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There is nothing sacred about history......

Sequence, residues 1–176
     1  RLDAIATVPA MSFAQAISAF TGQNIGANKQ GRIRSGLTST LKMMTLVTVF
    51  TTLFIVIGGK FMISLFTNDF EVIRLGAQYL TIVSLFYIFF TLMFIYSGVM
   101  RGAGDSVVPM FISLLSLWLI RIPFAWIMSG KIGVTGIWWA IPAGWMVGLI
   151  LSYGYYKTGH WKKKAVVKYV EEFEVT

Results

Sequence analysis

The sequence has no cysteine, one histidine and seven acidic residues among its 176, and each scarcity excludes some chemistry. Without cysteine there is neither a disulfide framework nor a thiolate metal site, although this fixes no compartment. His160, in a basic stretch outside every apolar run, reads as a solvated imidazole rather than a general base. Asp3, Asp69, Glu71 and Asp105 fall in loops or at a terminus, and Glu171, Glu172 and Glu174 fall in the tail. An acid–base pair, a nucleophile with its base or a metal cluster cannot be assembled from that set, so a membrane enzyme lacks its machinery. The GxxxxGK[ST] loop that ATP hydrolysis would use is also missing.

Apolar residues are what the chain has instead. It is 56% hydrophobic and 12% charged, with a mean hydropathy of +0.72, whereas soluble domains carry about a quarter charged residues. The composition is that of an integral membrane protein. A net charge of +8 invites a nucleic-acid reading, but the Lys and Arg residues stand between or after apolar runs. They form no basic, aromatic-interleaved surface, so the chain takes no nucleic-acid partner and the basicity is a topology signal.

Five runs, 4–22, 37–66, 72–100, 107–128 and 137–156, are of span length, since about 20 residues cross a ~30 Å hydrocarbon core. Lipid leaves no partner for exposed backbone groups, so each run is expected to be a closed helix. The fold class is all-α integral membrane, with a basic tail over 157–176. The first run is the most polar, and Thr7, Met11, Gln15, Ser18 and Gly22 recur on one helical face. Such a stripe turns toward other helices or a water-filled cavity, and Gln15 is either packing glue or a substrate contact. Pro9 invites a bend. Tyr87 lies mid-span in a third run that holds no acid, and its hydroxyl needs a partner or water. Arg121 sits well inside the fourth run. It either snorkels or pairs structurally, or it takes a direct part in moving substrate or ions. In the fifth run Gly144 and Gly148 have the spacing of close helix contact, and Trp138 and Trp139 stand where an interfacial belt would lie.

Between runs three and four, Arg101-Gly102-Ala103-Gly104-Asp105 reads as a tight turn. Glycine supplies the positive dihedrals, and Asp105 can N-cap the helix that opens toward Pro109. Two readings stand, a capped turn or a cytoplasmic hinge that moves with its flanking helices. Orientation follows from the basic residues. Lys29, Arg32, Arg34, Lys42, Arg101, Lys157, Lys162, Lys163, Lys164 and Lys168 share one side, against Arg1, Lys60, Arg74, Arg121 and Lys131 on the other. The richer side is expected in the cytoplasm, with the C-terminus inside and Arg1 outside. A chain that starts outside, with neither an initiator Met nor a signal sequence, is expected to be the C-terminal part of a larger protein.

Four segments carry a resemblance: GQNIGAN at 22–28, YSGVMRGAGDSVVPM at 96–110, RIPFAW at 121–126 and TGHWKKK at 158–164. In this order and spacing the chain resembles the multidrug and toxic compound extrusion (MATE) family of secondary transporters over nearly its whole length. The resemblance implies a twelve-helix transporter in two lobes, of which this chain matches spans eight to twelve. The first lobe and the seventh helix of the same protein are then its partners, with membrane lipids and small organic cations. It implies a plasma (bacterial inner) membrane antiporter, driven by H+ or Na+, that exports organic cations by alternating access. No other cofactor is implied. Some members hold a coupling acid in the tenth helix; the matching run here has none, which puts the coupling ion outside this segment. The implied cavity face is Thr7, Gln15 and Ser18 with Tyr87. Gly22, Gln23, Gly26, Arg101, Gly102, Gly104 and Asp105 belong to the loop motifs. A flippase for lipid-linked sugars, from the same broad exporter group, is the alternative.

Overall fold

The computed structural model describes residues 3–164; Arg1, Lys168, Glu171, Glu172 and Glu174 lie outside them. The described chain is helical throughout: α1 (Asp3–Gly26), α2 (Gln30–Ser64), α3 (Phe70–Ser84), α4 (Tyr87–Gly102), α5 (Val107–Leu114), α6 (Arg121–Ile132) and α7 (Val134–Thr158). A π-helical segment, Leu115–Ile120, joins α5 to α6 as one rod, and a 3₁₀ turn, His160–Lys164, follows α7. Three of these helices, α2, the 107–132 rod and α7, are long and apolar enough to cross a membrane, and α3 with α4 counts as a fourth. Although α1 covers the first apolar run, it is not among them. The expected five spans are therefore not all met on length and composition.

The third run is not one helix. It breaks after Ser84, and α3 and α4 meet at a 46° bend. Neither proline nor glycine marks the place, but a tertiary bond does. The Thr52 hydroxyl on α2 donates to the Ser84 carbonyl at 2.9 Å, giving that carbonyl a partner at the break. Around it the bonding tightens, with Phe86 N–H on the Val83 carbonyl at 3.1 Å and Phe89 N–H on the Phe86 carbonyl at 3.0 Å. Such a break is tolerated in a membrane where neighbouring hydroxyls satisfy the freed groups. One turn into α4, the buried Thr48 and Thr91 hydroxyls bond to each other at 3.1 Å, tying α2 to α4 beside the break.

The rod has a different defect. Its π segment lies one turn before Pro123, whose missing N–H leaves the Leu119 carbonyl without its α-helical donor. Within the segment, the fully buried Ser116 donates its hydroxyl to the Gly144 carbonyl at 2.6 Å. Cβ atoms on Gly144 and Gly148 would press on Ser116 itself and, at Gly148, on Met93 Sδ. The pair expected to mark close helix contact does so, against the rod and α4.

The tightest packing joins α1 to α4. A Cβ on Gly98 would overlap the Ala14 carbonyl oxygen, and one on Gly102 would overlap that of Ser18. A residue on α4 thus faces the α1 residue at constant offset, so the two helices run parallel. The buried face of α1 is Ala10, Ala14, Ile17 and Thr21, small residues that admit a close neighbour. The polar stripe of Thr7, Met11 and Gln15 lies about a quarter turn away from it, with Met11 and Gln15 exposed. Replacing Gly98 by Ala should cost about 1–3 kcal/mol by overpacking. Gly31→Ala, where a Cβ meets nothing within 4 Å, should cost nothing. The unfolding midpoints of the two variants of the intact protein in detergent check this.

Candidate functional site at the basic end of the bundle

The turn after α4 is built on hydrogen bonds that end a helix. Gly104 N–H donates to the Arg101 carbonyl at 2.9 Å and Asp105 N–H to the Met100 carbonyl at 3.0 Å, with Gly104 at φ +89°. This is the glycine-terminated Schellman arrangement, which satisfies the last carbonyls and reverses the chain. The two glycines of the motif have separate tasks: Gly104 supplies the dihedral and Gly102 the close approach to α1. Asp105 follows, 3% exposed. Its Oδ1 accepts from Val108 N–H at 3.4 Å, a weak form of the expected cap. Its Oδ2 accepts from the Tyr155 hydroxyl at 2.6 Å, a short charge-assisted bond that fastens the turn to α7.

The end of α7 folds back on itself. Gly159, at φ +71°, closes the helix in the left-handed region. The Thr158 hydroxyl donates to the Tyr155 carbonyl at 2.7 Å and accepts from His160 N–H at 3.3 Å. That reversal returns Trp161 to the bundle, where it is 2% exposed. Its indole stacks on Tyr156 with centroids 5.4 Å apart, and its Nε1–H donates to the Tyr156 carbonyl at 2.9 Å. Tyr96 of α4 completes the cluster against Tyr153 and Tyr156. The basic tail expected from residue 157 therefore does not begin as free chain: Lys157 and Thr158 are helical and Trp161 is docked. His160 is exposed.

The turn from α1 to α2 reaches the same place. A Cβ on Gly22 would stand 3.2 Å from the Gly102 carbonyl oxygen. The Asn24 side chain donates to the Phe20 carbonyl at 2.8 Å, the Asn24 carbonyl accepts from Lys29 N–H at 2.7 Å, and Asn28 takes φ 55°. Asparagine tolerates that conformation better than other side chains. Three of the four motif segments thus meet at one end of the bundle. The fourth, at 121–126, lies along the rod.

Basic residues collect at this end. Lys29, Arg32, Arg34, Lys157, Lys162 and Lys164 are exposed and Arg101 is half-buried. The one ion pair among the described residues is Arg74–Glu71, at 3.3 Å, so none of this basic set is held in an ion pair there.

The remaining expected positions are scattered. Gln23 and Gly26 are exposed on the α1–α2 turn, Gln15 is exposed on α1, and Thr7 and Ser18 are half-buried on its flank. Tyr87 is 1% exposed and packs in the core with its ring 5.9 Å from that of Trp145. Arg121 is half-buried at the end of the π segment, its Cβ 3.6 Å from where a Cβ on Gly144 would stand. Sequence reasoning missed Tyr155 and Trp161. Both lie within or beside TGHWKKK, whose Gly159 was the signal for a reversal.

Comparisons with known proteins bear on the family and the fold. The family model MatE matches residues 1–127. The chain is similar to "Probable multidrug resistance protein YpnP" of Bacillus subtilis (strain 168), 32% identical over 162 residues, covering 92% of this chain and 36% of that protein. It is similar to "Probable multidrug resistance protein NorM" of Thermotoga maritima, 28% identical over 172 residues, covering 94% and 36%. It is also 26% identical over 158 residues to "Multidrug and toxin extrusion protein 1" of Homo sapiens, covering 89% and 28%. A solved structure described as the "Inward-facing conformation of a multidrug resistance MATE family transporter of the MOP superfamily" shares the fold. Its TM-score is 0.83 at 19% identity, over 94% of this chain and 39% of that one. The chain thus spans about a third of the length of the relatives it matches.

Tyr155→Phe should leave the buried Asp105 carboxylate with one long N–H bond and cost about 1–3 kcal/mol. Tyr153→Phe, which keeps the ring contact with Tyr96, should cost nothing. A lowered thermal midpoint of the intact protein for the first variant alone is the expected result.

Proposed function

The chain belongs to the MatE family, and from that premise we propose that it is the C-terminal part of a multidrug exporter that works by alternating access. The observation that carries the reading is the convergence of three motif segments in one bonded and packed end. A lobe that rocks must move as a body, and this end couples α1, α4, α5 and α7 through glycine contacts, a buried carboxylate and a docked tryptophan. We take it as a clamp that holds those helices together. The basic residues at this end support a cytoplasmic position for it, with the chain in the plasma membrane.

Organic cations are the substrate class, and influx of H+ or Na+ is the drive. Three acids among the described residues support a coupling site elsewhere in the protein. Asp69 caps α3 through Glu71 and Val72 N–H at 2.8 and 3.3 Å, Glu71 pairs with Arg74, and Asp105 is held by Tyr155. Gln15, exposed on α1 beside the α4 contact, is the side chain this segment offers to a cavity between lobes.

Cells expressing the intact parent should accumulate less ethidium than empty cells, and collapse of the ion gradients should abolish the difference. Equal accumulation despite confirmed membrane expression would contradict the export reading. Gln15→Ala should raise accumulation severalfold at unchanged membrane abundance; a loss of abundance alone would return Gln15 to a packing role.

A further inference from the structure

Most people, book lovers aside, can't fail to have missed news of the forthcoming UK publication of Sherry Jones' The Jewel of Medina, which imagines the story of Aisha, the younger wife of the prophet Mohammed, due to be published by Gibson Square at the end of October. However, those who are so scared at having any sort of story related to Mohammed out there have set fire to Gibson Square's Islington offices over the weekend, sending publisher Martin Rynja into police protection, echoing the very long and tedious Salman Rushdie episode - which made him far more famous and successful than he would have been otherwise. It would be a lazy response for me to simply say that these arsonists are nothing but criminals - terrorists - enemies of free speech, even though that is what they have made themselves by not engaging in a non-violent debate. But what I find interesting is the state of mind behind such heated, irrational actions. We all of us, believers, atheists or agnostics, get heated, and irrational from time to time, but to carry out such an attack takes calm planning and preparation, does it not? But it is clear that even those who like to think of themselves as being both Western and educated - and therefore 'sensible', 'clear thinking' and free of fundamentalist thinking should think again. What seems to have ignited this attack are the remarks of Denise Spellberg, an associate professor of Middle Eastern Studies at the University of Texas at Austin, and an expert on the life of Aisha. She had been approached by the original publishers of the book, Random House, who later dropped it when it was clear the controversy was serious, to provide an encomium for the cover of the book. Instead she said that it took 'sacred history' and turned it into 'softcore pornography' and that the novel constituted a "declaration of war" and "a national security issue". One can't help but feel that Spellberg is the real fanatic here especially when one takes her Professorship into consideration: it is clear she does not know what the term 'novel' means; she has separated so-called historical events as 'sacred'; and has waved a red rag by claiming that the novel constitutes a declaration of war and in so doing has attempted to create a bigger name for herself than that of Jones or indeed, Aisha herself. Furthermore, Jones claims that there is not even one sex scene in the novel. How, then, can it possibly be called 'pornographic'? The furore comes as news emerged that Philip Pullman's children's novel Northern Lights, otherwise known as The Golden Compass, was the fourth most challenged book in 2007, according to the American Library Association, which received 420 complaints to libraries or schools over 'inappropriate content and subject matter' based on its religious viewpoint' last year. Pullman responded to the news with 'glee' which is heartening. Is it just me or does it increasingly feel as though we have regressed to the middle ages? And there's certainly nothing 'sacred' about that. Groan...

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